| Base Ontology. When it's been formalized, this will be the accepted "parent" ontology for all SHOE ontologies on the web.
| The SHOE SGML DTD. This gives the formal syntax of SHOE as an SGML application and extension of HTML.
| The SHOE XML DTD. This gives the formal syntax of SHOE as an XML application. For more information on creating valid XML SHOE documents,
see the SHOE FAQ.
To see more information on any publication, including its abstract and
click on its title. To open a publication, click on the desired format.
To see the whole list of PLUS publications, click
| Towards the Semantic Web: Knowledge Representation in a Dynamic Distributed Environment, by Jeff Heflin. Ph.D. Thesis, University of Maryland, College Park, 2001.
| A Portrait of the Semantic Web in Action, by Jeff Heflin and James Hendler. IEEE Intelligent Systems, 16(2), 2001.
| Semantic Interoperability on the Web, by Jeff Heflin and James Hendler. In Proceedings of Extreme Markup Languages 2000. 2000. Formats: PostScript, PDF.
| Dynamic Ontologies on the Web, by Jeff Heflin and James Hendler. In Proceedings of 17th National Conference on Artificial Intelligence(AAAI-2000). 2000. Formats: PostScript, PDF.
| Searching the Web with SHOE, by Jeff Heflin and James Hendler. In AAAI-2000 Workshop on AI for Web Search. 2000. Formats: PostScript, PDF.
| SHOE: A Knowledge Representation Language for Internet Applications, by Jeff Heflin, James Hendler, and Sean Luke. Technical Report CS-TR-4078 (UMIACS TR-99-71). 1999. Formats: PostScript, PDF.
| Coping with Changing Ontologies in a Distributed Environment, by Jeff Heflin, James Hendler, and Sean Luke. In AAAI-99 Workshop on Ontology Management. 1999. Formats: PostScript, PDF.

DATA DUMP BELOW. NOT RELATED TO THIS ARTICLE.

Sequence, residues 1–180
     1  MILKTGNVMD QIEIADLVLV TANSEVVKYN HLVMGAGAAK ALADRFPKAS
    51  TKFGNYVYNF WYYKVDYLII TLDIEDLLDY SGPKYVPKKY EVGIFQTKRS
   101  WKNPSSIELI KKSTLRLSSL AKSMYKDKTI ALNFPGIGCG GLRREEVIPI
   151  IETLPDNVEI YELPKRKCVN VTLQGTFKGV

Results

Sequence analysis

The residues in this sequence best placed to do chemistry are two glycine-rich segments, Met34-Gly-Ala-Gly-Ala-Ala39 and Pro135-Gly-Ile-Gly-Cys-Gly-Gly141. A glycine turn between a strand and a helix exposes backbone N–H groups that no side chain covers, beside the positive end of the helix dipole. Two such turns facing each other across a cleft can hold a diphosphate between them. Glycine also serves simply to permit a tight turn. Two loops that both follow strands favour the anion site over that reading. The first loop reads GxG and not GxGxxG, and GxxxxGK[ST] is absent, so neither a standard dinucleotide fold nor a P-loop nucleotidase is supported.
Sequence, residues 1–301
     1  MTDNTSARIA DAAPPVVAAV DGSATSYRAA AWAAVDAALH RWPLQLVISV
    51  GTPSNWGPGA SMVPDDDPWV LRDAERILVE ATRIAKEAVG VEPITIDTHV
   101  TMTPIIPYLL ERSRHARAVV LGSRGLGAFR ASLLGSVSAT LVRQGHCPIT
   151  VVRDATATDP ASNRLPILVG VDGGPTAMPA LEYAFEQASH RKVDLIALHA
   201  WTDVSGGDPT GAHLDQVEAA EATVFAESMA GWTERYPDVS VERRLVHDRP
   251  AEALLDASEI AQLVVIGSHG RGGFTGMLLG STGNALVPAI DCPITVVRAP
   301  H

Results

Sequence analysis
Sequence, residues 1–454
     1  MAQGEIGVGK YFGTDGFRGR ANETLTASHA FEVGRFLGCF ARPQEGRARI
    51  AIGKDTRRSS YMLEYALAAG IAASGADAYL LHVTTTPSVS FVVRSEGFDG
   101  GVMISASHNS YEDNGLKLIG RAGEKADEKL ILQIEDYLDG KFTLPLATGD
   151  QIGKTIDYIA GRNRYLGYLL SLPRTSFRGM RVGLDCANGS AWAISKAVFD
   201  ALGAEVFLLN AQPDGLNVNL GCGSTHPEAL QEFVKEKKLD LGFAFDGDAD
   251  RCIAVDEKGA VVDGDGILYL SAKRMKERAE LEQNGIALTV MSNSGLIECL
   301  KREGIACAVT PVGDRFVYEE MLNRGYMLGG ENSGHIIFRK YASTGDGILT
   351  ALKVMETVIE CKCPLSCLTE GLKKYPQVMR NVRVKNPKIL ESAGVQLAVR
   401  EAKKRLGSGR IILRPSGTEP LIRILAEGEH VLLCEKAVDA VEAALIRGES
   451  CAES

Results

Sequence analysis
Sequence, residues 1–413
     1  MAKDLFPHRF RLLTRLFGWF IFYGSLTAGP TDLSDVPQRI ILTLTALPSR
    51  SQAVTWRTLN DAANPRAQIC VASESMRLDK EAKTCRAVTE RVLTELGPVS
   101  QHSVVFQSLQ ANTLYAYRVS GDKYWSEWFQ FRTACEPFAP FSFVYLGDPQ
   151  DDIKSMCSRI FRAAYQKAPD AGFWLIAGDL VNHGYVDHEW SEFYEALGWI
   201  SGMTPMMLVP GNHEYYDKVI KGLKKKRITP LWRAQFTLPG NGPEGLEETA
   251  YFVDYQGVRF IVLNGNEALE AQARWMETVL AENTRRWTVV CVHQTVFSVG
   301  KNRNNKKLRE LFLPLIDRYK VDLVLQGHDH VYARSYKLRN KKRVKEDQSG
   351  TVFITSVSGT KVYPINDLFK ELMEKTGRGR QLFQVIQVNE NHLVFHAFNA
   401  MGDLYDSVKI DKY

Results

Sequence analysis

| Applying Ontology to the Web: A Case Study, by Jeff Heflin, James Hendler, and Sean Luke. In International Work-Conference on Artificial and Natural Neural Networks, IWANN'99. 1999. Formats: PostScript, PDF.
| Reading Between the Lines: Using SHOE to Discover Implicit Knowledge from the Web, by Jeff Heflin, James Hendler, and Sean Luke. In AAAI-98 Workshop on AI and Information Integration. 1998. Formats: PostScript.
| Ontology-based Web Agents, by Sean Luke, Lee Spector, David Rager, and James Hendler. In Proceedings of First International Conference on Autonomous Agents 1997, AA-97. Formats: PostScript, Gzipped PostScript (.ps.gz).
| Web Agents That Work, by Sean Luke and James Hendler. In IEEE Multimedia, 4(3), 1997. Formats: Gzipped Postscript, Gzipped Postscript without Figures 1 through 3, Postscript without Figures 1 through 3
| Ontology-Based Knowledge Discovery on the World-Wide Web, by Sean Luke, Lee Spector, and David Rager. In AAAI96 Workshop on Internet-based Information Systems. Formats: HTML, PostScript, Gzipped PostScript (.ps.gz).
| SHOE Ontologies. This page provides descriptions and links to SHOE ontologies that we have developed.
| Example Pages. We have annotated a number of pages within our group, as well as pages for the University of Maryland and other universities.
| Downloads. Many of the SHOE programs and libraries are now available for you to download.
| SHOE Image Links. If your web page uses SHOE, show it!
| SHOE and DAML. As a service to users of DAML we provide a number of the SHOE ontologies and content documents in DAML format.
The SHOE Team